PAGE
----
Medicare reimburses hospitals and other health care providers at a rate less than “charges,” i.e. the amount stated on the bill. The amount of the discount is often seventy percent or more. Should the medical expense recovery by a sucessful personal injury or wrongful death plaintiff be the amount of the charges or the discounted amount paid by Medicare?
The Supreme Court of Hawaii has ruled that the amount of the “charges” was the appropriate measure of recovery. In Bynum v. Mango the court said that “the tortfeasor is not entitled to reap the benefit of the plaintiff’s elgibility for public assistance or from the government’s economic clout in the health care market place.” Click here to read the opinion. The dissent may be read by clicking here.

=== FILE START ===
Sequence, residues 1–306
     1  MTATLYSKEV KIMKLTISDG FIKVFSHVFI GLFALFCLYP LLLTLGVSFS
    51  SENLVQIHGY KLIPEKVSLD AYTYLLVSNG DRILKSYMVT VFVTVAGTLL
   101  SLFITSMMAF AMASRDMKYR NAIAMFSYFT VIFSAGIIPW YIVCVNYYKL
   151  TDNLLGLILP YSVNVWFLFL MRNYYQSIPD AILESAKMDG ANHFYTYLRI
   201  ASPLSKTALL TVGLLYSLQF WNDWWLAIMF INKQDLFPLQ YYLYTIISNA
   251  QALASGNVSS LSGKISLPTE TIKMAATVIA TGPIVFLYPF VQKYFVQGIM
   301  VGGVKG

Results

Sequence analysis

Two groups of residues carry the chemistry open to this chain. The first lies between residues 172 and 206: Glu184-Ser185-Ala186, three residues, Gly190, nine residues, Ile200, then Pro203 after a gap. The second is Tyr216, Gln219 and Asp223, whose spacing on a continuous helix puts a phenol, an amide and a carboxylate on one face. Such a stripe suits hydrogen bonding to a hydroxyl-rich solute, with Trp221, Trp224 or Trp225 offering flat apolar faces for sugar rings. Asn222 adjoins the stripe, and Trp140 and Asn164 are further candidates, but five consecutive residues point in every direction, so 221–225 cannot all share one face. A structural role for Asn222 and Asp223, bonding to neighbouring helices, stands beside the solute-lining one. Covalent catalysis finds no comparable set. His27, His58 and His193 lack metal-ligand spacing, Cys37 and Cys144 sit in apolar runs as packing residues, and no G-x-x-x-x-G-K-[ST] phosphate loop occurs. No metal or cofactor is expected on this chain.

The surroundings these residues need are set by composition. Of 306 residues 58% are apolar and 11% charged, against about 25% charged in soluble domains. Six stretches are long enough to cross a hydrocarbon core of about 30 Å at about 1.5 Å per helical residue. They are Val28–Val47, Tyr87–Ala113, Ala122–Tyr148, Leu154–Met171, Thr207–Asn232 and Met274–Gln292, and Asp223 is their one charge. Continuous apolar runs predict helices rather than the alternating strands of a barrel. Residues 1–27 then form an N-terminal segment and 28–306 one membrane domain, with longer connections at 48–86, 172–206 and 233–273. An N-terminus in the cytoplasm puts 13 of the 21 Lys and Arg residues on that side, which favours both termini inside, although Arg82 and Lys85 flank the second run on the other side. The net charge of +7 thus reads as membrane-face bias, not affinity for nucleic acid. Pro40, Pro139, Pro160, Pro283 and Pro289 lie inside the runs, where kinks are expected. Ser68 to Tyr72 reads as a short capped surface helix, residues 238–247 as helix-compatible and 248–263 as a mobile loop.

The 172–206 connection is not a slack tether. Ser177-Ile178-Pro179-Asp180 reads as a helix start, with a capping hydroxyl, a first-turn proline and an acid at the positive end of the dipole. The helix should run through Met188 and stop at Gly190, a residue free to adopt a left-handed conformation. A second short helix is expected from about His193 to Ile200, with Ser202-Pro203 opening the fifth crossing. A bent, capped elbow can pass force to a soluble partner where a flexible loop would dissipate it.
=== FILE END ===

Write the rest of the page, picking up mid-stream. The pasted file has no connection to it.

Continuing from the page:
Mississippi, North Carolina, South Carolina, and Wisconsin reach a similar result. California and Pennsylvania hold to the contrary. The citations to those opinions may be found in the Bynum decision.
This issue is also raising its head in Tennessee trial practice. A lawyer going to trial should have a pocket brief on this issue to aid the judge in making the correct ruling.